How to get Yourself Hacked on the Ethereum Network
We recently set up a transaction node connected to the Rinkeby Ethereum test network, for our server processes to execute smart contract transactions. Our morbid curiosity had gotten the better of us as we wondered what level of hacking existed against Ethereum nodes. The quickest way to get hacked, we postulated, involved:
- Give your transaction node a public IP with the
8545RPC port accessible to the internet.
- On your transaction node, unlock your
eth.coinbaseaccount, having given yourself some Ether from the Ether faucet on Rinkeby ( https://www.rinkeby.io/#faucet ).
- Expose all the rpc apis when you run
We weren’t immediately hacked, but the hacks did come. In Figure 1 you can see 2 separate accounts hacking us in a 24-hour period. The “In” transactions are me topping up the account again from the faucet. The “Out” transactions greater than Ξ0 are the hacks. There are two separate individuals here transferring to wallets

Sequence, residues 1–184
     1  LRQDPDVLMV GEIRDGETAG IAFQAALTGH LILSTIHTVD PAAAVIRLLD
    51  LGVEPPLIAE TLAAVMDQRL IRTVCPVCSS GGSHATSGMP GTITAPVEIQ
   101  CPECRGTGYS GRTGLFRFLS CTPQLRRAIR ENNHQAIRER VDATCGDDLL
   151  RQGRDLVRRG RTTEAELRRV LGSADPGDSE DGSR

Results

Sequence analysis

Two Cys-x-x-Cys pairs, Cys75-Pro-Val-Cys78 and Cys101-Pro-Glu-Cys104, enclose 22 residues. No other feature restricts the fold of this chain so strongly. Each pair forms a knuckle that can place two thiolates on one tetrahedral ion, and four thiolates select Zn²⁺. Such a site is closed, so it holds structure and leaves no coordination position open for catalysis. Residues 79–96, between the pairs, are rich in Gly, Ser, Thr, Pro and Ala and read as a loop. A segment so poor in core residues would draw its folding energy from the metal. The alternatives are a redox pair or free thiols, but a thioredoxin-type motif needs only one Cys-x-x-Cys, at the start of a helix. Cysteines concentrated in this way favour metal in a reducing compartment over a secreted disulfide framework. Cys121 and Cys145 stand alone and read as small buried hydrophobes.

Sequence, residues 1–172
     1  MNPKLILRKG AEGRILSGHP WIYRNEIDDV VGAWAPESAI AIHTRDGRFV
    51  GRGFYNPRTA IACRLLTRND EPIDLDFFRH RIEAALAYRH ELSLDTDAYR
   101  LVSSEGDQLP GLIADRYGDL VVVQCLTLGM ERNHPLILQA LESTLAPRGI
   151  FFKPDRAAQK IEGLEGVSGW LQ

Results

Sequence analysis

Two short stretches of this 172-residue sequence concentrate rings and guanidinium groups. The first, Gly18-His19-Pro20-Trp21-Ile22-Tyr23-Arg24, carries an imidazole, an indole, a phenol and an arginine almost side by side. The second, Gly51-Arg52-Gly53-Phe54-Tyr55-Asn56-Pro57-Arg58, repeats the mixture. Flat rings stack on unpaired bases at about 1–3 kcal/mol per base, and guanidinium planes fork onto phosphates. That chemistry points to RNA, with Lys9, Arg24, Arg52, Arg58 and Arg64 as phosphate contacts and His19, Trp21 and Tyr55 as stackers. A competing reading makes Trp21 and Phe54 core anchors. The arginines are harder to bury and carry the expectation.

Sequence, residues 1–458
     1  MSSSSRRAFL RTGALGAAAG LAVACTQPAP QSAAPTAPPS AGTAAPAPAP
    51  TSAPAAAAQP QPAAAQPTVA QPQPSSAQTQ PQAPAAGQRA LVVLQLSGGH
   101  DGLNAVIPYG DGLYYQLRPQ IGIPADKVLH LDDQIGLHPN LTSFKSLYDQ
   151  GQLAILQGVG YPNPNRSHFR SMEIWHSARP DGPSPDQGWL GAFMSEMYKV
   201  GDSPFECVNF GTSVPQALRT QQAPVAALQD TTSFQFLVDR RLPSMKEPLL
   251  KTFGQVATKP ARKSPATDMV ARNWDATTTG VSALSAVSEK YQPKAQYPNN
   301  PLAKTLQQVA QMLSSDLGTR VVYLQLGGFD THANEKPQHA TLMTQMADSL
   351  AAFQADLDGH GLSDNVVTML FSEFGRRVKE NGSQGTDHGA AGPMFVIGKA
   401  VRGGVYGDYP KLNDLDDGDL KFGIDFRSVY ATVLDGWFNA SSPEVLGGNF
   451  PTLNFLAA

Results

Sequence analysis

But why hack a test network? Well the answer, I suggest, is that these individuals thought they were stealing real Ether from a production node. When running RPC commands opportunistically against 8545 it is not obvious to the requester from the results that the operations are being performed on Rinkeby – at least not without further interrogation commands over RPC. In fact, when you query for these wallets on the production https://ethscan.io, you find both these wallets in use on the production Ethereum network, which confirms our hunch!
- Don’t ever give your transaction node a public IP and close 8545 to the internet.
- Limit the amount of rpc apis enabled to the bare minimum.
- Don’t unlock your main Ether account on the transaction node. Have a separate wallet key that only stores the minimum amount of ether you need from day to day to fund your transaction fees.